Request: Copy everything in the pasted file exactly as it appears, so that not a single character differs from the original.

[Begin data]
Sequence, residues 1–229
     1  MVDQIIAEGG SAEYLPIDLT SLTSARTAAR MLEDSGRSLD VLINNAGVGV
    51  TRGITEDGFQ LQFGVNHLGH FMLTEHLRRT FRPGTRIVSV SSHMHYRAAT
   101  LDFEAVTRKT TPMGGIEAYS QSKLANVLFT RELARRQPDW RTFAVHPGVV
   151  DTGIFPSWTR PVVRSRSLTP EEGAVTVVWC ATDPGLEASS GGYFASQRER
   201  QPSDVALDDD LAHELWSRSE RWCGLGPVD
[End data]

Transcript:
Sequence, residues 1–229
     1  MVDQIIAEGG SAEYLPIDLT SLTSARTAAR MLEDSGRSLD VLINNAGVGV
    51  TRGITEDGFQ LQFGVNHLGH FMLTEHLRRT FRPGTRIVSV SSHMHYRAAT
   101  LDFEAVTRKT TPMGGIEAYS QSKLANVLFT RELARRQPDW RTFAVHPGVV
   151  DTGIFPSWTR PVVRSRSLTP EEGAVTVVWC ATDPGLEASS GGYFASQRER
   201  QPSDVALDDD LAHELWSRSE RWCGLGPVD